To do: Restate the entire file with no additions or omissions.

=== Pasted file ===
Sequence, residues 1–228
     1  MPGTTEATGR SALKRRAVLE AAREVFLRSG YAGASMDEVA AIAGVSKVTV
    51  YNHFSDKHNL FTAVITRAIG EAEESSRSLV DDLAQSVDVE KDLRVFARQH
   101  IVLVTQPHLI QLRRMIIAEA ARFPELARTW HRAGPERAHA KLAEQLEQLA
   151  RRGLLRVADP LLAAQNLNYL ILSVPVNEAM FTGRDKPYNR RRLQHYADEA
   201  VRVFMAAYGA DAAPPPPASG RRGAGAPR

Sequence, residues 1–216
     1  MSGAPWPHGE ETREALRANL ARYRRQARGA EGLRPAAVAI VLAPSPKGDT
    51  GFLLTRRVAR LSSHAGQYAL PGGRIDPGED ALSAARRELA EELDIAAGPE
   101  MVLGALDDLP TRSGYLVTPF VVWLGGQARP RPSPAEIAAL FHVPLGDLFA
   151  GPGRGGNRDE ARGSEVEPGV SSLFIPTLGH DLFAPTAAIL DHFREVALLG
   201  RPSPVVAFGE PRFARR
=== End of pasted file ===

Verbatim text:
Sequence, residues 1–228
     1  MPGTTEATGR SALKRRAVLE AAREVFLRSG YAGASMDEVA AIAGVSKVTV
    51  YNHFSDKHNL FTAVITRAIG EAEESSRSLV DDLAQSVDVE KDLRVFARQH
   101  IVLVTQPHLI QLRRMIIAEA ARFPELARTW HRAGPERAHA KLAEQLEQLA
   151  RRGLLRVADP LLAAQNLNYL ILSVPVNEAM FTGRDKPYNR RRLQHYADEA
   201  VRVFMAAYGA DAAPPPPASG RRGAGAPR

Sequence, residues 1–216
     1  MSGAPWPHGE ETREALRANL ARYRRQARGA EGLRPAAVAI VLAPSPKGDT
    51  GFLLTRRVAR LSSHAGQYAL PGGRIDPGED ALSAARRELA EELDIAAGPE
   101  MVLGALDDLP TRSGYLVTPF VVWLGGQARP RPSPAEIAAL FHVPLGDLFA
   151  GPGRGGNRDE ARGSEVEPGV SSLFIPTLGH DLFAPTAAIL DHFREVALLG
   201  RPSPVVAFGE PRFARR